A fluid imbalance refers to an abnormal level of fluids in the body.
Causes, incidence, and risk factors
Your body is constantly losing fluids through breathing, sweating, and urinating. If you do not take in enough fluids, you may become dehydrated.
Your body may also have a hard time getting rid of fluids, allowing excess fluid to build up. This is called fluid overload.
Many illnesses can cause fluid imbalance:
- It is common to retain large amounts of fluid for several days after surgery (causing swelling of the body).
- In heart failure, fluid collects in the lungs, liver, blood vessels, and body tissues because the heart does a poor job of pumping it to the kidneys where it can be eliminated.
- When the kidneys do not work well because of chronic kidney disease, the body cannot get rid of unneeded fluids.
- The body may lose too much fluid due to diarrhea, vomiting, excessive blood loss, or high fever.
A fluid imbalance is often associated with imbalances of sodium, potassium (see: hyponatremia, hypokalemia, and hyperkalemia) and other chemicals that help regulate body fluids.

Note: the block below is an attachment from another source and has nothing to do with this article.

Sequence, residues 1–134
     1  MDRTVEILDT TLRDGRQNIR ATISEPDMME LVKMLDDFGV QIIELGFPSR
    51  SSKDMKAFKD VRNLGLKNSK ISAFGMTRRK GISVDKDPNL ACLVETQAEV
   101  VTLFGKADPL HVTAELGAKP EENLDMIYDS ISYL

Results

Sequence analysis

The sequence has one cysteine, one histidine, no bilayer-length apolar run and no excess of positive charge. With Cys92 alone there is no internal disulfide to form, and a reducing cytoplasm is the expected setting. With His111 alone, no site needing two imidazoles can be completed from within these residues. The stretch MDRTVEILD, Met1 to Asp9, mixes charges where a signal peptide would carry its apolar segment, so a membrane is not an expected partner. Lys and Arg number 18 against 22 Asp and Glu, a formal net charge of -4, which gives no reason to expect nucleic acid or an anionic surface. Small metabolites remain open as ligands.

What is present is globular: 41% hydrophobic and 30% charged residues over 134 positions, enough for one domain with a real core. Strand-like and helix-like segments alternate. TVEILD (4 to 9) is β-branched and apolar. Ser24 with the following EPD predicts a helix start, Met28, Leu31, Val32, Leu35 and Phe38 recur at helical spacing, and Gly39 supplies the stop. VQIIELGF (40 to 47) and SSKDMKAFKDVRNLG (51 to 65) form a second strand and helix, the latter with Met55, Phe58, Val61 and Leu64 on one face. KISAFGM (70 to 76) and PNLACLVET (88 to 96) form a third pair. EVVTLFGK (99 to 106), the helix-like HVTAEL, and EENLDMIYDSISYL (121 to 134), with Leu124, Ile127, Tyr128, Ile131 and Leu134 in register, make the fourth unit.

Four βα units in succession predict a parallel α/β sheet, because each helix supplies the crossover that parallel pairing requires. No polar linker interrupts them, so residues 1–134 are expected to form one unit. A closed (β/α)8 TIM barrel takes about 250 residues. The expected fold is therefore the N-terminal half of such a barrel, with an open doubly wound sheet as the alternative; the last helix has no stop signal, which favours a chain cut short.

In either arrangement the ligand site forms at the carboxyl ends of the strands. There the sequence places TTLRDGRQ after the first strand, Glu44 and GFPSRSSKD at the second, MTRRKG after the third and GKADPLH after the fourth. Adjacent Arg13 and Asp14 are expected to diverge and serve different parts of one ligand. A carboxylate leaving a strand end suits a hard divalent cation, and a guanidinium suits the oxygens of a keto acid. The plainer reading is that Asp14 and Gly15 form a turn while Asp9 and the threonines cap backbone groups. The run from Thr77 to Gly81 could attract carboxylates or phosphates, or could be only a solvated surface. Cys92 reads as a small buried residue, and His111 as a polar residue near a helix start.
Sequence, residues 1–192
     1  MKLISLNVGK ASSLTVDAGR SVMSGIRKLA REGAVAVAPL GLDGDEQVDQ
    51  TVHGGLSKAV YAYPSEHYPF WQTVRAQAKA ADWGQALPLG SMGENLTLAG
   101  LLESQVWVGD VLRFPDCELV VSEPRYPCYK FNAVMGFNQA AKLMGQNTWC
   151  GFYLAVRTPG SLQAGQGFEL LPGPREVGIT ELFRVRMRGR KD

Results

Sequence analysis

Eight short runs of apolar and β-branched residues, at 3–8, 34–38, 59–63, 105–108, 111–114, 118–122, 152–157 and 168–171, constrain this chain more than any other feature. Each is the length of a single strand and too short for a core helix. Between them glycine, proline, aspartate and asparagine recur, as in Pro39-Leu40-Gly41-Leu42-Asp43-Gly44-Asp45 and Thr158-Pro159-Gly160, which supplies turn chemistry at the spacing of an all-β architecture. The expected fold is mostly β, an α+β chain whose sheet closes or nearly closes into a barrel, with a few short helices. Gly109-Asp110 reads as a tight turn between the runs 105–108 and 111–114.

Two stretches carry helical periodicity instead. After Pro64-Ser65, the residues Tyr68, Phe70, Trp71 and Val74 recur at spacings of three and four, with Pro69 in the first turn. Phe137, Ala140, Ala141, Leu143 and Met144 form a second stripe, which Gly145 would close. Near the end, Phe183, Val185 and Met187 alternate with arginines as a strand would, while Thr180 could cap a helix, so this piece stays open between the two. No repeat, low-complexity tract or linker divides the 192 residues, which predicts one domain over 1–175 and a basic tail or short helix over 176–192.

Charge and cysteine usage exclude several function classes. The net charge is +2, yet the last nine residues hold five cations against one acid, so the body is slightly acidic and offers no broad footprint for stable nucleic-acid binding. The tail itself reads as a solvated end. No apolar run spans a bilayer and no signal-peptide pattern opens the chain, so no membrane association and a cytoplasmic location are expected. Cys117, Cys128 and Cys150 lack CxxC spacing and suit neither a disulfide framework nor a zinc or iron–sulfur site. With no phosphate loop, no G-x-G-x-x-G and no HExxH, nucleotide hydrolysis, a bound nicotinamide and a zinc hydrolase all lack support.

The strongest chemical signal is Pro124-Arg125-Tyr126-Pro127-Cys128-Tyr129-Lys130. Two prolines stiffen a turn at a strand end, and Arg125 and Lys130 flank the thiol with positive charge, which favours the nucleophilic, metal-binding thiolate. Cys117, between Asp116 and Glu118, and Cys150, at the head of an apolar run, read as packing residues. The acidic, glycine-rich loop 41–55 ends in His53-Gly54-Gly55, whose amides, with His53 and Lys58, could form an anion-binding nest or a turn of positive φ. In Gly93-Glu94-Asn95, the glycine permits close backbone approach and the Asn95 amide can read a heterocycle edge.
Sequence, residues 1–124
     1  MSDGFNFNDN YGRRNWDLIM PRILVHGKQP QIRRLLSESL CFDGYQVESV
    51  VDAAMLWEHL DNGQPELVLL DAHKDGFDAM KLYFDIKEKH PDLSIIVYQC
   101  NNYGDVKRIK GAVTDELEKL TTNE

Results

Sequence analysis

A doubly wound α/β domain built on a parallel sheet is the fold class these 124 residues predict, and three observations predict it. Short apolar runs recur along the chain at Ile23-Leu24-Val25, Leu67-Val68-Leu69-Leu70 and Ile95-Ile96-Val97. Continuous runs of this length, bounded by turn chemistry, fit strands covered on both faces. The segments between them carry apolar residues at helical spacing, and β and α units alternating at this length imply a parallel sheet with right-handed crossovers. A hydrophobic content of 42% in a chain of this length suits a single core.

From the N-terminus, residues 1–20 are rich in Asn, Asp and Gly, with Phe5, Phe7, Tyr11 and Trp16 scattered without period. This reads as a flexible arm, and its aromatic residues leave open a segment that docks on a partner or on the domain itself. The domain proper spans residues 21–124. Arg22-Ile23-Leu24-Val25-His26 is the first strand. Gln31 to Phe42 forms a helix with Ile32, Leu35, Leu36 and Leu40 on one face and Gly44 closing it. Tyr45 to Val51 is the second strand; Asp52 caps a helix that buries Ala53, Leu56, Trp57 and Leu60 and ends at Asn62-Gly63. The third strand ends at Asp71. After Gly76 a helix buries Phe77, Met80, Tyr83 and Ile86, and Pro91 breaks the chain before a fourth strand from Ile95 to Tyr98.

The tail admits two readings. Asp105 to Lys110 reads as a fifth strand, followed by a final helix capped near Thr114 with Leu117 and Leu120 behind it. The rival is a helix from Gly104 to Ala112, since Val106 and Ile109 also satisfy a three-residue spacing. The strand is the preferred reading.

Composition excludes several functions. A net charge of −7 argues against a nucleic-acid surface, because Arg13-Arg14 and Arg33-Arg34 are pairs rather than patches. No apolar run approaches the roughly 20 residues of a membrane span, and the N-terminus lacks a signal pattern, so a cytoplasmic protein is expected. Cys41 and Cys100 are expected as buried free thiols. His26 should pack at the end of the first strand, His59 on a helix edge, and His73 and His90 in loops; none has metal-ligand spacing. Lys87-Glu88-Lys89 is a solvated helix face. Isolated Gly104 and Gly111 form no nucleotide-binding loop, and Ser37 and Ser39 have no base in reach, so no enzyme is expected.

Treatment depends on the specific condition that is causing the fluid imbalance.
Calling your health care provider
Call your health care provider if you or your child have signs of dehydration or swelling, in order to prevent more serious complications.
Landry DW, Basari H. Approach to the patient with renal disease. In: Goldman L, Schafer AI, eds. Cecil Medicine. 24th ed. Philadelphia, Pa: Saunders Elsevier; 2011:chap 116.
Last reviewed 11/16/2011 by David C. Dugdale, III, MD, Professor of Medicine, Division of General Medicine, Department of Medicine, University of Washington School of Medicine. Also reviewed by David Zieve, MD, MHA, Medical Director, A.D.A.M., Inc.
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